Kate Holman hears how the Netflix series brings Britain’s royal history to life
Taking a script and bringing it to life on screen is no easy feat – and when the story is based on the most famous family in the world, the task carries huge responsibility.
“We’re not just recreating history,” said The Crown’s production designer Martin Childs. “It’s our own version of the world – it’s not a documentary. We try and find the mood and tone of our version of it,” added costume designer Jane Petrie.
“When I first get a script, I just read it as a viewer. The first thing is genuine excitement… then the fear starts setting in,” revealed director Ben Caron.
Editor Pia Di Ciaula admitted that she reads the scripts the way many viewers devour Netflix’s hit royal drama: “I set aside a weekend and I binge-read them all.”
The TV experts were talking at the RTS Futures event, “The Crown: from storyboard to screen”, in March.
Caron revealed that the crew watched hours of archive footage during series development to bring authenticity to the story. “Peter Morgan [writer of The Crown] will sit down with the researchers at the beginning of each series and give an outline of what events he plans to cover. He’ll then send the researchers away to build up a mass of relevant material.”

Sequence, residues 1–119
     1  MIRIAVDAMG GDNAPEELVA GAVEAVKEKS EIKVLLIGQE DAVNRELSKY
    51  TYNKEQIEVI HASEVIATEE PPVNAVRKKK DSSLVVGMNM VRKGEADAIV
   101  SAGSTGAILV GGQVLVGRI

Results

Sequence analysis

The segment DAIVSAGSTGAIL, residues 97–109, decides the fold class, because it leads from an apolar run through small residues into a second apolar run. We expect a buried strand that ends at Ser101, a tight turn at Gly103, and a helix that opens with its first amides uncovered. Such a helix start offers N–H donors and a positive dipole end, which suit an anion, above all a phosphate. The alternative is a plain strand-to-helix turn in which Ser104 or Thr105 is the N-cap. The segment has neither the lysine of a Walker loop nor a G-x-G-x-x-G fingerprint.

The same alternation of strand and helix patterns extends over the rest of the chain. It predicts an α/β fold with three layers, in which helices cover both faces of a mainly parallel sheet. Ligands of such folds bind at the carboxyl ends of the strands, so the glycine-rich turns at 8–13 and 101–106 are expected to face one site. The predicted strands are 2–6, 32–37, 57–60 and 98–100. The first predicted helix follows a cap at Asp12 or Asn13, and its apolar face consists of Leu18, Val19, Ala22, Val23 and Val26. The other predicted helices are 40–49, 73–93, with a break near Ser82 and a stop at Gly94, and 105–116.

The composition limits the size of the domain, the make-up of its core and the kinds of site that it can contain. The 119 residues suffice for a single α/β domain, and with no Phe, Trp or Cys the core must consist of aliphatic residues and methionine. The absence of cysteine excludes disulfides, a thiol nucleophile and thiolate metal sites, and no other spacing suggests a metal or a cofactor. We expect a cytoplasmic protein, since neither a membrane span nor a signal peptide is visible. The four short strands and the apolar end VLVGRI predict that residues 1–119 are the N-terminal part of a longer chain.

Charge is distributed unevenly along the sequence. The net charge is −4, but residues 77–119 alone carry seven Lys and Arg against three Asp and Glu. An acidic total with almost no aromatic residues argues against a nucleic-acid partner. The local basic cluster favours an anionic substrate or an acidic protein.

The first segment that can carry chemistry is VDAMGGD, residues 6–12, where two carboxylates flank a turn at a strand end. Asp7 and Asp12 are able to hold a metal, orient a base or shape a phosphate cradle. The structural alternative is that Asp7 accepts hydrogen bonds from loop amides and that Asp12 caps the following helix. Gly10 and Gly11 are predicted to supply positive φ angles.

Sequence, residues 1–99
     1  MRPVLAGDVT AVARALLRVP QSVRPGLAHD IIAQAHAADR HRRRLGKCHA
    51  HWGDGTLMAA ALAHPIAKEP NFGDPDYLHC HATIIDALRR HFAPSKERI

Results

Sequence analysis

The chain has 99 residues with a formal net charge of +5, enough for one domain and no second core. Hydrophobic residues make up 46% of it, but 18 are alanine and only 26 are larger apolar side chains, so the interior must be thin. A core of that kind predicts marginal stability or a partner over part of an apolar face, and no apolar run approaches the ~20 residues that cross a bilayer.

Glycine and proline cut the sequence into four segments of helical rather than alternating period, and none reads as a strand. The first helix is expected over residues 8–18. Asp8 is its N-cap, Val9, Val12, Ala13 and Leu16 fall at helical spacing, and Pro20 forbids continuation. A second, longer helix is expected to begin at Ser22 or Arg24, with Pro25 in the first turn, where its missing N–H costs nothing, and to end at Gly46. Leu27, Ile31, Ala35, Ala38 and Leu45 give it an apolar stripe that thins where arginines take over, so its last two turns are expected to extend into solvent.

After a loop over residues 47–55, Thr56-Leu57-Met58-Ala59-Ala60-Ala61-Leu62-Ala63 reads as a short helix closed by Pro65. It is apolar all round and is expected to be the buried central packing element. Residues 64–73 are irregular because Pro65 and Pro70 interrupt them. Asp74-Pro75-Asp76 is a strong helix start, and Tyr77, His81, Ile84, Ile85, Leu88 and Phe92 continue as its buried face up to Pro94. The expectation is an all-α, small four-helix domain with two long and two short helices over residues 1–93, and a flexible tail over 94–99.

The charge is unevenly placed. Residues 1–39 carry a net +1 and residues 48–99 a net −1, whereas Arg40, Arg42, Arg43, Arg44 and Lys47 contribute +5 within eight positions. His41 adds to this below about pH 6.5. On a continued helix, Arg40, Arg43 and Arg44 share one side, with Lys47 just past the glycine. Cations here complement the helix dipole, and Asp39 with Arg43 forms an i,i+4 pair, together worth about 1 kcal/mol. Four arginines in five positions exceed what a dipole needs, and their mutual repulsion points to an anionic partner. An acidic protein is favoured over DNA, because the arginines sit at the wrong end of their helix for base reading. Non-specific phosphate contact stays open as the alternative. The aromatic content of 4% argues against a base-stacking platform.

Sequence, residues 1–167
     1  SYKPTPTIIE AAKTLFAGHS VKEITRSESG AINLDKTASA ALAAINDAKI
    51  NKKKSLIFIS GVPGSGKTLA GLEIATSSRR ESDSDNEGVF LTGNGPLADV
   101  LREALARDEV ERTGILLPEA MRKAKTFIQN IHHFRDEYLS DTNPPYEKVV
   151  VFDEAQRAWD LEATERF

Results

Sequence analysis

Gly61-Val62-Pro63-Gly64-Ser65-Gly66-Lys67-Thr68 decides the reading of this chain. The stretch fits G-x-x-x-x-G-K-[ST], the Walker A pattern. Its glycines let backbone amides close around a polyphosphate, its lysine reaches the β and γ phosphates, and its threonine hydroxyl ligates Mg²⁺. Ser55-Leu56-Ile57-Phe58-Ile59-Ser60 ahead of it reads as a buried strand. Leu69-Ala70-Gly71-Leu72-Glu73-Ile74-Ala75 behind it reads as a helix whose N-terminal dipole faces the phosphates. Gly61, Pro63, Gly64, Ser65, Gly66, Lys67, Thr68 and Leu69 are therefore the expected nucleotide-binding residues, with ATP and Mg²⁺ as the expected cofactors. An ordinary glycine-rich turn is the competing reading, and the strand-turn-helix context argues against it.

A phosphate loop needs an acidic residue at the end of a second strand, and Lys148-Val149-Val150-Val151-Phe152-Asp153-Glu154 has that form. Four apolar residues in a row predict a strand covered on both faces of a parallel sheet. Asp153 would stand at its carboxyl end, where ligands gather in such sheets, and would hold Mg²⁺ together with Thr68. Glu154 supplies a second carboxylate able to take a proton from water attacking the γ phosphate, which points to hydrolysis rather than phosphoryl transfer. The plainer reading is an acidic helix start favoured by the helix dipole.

The highly documented life of the Royal Family provides endless material for the drama and a base for the story to unfold. “Archival footage gives you a starting point to work from to create your version of it,” said VFX supervisor Ben Turner. “There are some things I try to recreate perfectly and others where I use artistic licence.”
However, Caron made it clear that the production team is not making factual TV: “We are not trying to make a documentary, but I am trying to find the truth in a scene. I’m never daunted by the weight of historical truth.”
As the second series of The Crown, which was released last December, swings into the 1960s, subtle changes in set design and costume were key to showing the transition into a new decade. “Part of the fun is returning to locations and updating them,” said Turner. “With London Airport, we could start introducing terminal buildings and more vehicles and bring it into the Heathrow era.”
With 398 sets to create for series two, the production team had a huge design project on their hands, but this also gave it a strong creative influence on The Crown’s look. “Peter’s scripts are not too descriptive about the scenes; he gives few words and I have liberty on how to interpret [them],” said Martin Childs.
Ben Turner’s visual effects contribute hugely to this illusion. Filming the royal yacht, Britannia, required months of work, connecting and interweaving six places to create just one location.
“We flew a drone around the Britannia in Edinburgh and took photographs on deck,” he explained. “We took a lot of different photos of the same thing but from different angles to create our own computer-generated version.”
The RTS Futures event was chaired by Toby Earle and produced by Tom Popey, with support from Allie Elwell.